Let's now go over to the Rubgy game. Always known to be a rough sport, many spectators enjoy the games over a couple of cans of beer and burgers. Some of the spectators are as burly as the rugby players themselves. Must be the beer. Tries are often greeted with loud cheers for the successful team and groans of despair come from the fans of the team which allowed the try. The "Haka" by the New Zealand team (also known as the All-Blacks) is one of the most famous dance / battle-cry in the sporting arena. It gives a real dose of motivation to the team and a big dose of goose-bumps to the other team. But it has always been known as the rougher sport compared to football.

But really?

I have watched many football matches and a couple of rugby matches. In football matches, when players fall, you need to see the replay whether they were tripped or purposely fell or they fell on their own accord. In rugby matches, they fell because they were tackled by the other players. You don't need a replay. It is so obvious.

It is as if, football players are so fragile that a slight pull on their jerseys will cause them to fall and roll over the pitch. You will also notice sometimes that when one part of their body is "touched" - say the ankle, the player will roll on the pitch clasping their knee whilst howling in pain. For a moment, some might be forgiven for thinking that the player just broke his kneecap. His team-mates will then run across the field to surround the referee, demanding that the perpetrator be given a card or be sent off. No, the number of players rushing to the player "injured" to show their concern is usually lesser than the number of players rushing to see the man in black. The interesting thing is, once the referee gives a card to the opponent, the injured player will be up and running and sometimes, will take the freekick himself. Talk about fast healing!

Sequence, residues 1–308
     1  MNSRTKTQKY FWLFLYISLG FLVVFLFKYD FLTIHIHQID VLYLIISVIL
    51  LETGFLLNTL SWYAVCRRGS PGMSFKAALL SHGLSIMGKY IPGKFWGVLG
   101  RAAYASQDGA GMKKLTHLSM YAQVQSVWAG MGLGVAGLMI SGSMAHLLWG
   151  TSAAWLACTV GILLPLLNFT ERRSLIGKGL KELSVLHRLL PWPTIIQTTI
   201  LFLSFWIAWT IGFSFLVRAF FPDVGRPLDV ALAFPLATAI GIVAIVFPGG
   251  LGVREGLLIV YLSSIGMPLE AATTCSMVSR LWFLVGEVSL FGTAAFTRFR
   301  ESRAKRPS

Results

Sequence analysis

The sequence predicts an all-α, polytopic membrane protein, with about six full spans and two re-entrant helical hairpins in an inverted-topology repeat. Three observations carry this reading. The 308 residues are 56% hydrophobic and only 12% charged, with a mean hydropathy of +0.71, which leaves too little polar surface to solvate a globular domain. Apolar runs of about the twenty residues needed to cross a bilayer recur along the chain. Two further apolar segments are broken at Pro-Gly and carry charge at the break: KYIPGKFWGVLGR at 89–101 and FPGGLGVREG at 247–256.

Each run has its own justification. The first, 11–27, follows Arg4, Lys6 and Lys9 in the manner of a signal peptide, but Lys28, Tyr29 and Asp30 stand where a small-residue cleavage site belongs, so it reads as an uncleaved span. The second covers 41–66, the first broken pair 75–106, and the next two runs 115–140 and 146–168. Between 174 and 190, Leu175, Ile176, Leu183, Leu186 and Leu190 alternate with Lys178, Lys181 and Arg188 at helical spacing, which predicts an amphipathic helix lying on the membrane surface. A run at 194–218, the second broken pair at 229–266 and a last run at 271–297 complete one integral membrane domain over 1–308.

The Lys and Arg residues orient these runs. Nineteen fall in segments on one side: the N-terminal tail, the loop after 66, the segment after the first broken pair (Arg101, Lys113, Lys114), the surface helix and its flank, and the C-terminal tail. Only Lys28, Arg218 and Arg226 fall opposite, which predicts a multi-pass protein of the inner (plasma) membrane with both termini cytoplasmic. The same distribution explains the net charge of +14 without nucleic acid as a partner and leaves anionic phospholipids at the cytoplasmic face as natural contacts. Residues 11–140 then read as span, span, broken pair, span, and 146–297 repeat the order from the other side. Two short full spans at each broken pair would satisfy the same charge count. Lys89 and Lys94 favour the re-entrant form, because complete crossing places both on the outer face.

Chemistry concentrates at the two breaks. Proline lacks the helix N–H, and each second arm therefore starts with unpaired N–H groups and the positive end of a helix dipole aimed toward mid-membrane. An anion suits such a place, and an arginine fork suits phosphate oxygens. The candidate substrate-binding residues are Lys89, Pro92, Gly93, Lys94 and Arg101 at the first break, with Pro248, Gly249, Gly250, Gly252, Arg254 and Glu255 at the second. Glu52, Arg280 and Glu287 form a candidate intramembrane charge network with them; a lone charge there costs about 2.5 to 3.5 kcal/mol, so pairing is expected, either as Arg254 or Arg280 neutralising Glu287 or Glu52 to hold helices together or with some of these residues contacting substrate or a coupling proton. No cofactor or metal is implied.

Talking or shouting back at the referee is a cool thing in football. Some even blow their nose to show their disgust at the referee for not deciding in their way. You don't really see this with the 6 to 7 feet guys playing rugby. They might surround the referee but usually, they get an earful from the referee and will quickly disperse without any protest at whatever decision the referee makes.

Ah...so much theatrics on the football field. So much so that one Professor Jiri Dvorak conducted a study on the recent June-July Football World Cup in Germany which revealed that 58 percent of the players who were treated on the football pitch during the World Cup turned out to be not injured. His findings revealed a clear pattern that players feign injuries to mislead the referees to get an opponent booked or gain tactical advantage. How gentleman are the footballers compared to the rugby players?

For me, I would like to think that Football is a Gentleman's Game played by Hooligans whilst Rugby is a Hooligans' Game played by Gentlemen. And of, in case you are wondering, I am a fan of Manchester United FC.

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Thursday, October 19, 2006
posted by PabloPabla at 3:28 pm

Office is closed tomorrow for the long holidays and I will only be back in office next Thursday.

What's in store this holidays? I will be spending 3 days 2 nights at Fraser's Hill with other members of my church beginning tomorrow. Family will come along as well and this will be another good test for our Toyota Avanza to show its hill climbing calibre!

Happy Deepavali and Selamat Hari Raya to all Hindu and Muslim readers out there! For the rest of Malaysians, happy holidays and for the others, thanks for dropping by!



posted by PabloPabla at 2:46 pm

Hi! Thanks for dropping by. I have since moved this review to Restoran Soong Kee Beef Noodles @ Kuala Lumpur at Hochiak! Delicious Asian Food. Read my review there.


posted by PabloPabla at 10:59 am

I have been using this template ever since I started blogging a couple of months back.